Categories: Training
Tags: Running

Want to run longer? Spice up your running life (and here’s how to do it)!

June 7, 2018

How to run longer and farther? It’s the same question time and time again when it comes to runners looking to take their running to the next level.

According to a team of sport scientists and running experts from the Swiss running company On, to add mileage, you need to spice up your runs and here they tell us just how to do it. 

‘How to add mileage to your runs?’ You’ll find a million answers to that question but here’s one that really works.

Look online and you’ll see all kinds of answers, from the “running rules” to math formulas for baseline starts and incremental percentage stacks. A million answers, but here’s one that really works for adding mileage to your training (without a calculator needed), and it’s called adding variety to how you run.

are you running in a rut?

So what exactly do we mean by variety and how is that going to help you mount those miles right up? Adding variety to your training is when you almost become a different kind of runner to who you usually are.

More than just changing the scenery or your running route, it’s about making running not feel like normal running at all. When you get to that stage, you benefit by more miles logged in more ways. But before you get there, it’s important to know where you are now.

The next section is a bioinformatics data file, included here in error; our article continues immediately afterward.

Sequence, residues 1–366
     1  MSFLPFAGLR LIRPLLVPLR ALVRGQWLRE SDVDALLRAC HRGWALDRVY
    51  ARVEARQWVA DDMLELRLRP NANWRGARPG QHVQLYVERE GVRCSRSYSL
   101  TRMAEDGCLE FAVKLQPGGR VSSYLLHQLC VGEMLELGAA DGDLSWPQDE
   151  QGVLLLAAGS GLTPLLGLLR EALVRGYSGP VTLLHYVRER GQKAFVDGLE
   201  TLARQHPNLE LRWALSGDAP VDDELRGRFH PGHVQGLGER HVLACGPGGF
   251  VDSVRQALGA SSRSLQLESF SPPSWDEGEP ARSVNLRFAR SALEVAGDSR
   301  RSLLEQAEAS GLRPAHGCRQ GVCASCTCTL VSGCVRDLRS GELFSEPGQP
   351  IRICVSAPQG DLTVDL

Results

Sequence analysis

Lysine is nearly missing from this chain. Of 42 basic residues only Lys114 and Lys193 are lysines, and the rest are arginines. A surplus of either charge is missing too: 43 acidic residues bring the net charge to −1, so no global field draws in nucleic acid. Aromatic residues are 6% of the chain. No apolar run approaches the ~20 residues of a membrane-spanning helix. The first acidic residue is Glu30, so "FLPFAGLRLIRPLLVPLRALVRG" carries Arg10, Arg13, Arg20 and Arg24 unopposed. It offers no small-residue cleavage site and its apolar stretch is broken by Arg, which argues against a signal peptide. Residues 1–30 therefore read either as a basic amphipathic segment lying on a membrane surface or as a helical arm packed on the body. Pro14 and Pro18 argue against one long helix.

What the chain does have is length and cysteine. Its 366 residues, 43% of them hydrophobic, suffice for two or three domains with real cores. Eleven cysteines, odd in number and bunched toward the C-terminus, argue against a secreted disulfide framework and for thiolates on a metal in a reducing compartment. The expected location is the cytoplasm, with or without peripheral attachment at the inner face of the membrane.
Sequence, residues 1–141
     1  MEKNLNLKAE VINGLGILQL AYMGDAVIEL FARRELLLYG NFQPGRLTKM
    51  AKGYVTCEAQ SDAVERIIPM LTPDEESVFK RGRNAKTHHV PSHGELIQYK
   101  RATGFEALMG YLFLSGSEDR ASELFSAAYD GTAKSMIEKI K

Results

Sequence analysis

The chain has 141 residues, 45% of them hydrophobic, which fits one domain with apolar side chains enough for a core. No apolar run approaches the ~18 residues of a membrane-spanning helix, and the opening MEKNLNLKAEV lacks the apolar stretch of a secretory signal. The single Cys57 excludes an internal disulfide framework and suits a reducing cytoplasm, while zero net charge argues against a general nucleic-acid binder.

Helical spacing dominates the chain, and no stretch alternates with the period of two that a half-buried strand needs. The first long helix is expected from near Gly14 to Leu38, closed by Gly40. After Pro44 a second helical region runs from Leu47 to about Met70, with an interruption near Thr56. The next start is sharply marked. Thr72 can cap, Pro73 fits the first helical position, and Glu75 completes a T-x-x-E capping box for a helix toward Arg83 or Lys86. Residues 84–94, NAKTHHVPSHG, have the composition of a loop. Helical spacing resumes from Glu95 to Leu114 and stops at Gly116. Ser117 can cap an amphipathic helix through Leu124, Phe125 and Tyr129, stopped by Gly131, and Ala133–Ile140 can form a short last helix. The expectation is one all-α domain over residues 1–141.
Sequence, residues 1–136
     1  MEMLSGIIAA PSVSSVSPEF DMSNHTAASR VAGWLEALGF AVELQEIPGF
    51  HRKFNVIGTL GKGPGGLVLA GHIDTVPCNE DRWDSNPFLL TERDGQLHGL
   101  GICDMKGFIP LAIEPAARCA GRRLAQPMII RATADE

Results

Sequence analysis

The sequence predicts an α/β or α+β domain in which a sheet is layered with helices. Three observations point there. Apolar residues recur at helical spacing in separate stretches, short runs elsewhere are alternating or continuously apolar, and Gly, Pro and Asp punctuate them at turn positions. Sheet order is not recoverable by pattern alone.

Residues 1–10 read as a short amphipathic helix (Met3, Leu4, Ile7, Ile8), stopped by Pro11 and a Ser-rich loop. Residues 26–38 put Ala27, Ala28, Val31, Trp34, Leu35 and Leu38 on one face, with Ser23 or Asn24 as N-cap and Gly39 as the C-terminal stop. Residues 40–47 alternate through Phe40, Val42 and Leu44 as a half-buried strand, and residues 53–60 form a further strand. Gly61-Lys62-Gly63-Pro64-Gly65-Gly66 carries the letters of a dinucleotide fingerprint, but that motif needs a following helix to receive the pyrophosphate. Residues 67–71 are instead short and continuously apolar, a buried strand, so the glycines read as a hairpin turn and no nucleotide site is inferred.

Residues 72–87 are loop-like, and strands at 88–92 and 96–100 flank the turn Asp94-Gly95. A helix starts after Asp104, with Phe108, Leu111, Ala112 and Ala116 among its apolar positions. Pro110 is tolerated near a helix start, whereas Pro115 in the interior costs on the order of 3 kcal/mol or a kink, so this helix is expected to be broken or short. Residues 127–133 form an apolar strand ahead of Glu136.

Do you often find yourself running the same route you’ve done many times before?

Do you often find yourself running the same route you’ve done many times before? Are you running a certain number of miles you could track without the help of a GPS, at a steady, consistent pace?

Maybe sometimes you head out a bit faster or a bit further, but really, the route is as familiar as the back of your hand.

Maybe sometimes you head out a bit faster or a bit further, but really, the route is as familiar as the back of your hand. The terrain is usually a mix of concrete sidewalks and stone and dirt park trails, but not what you’d consider “off the beaten track”.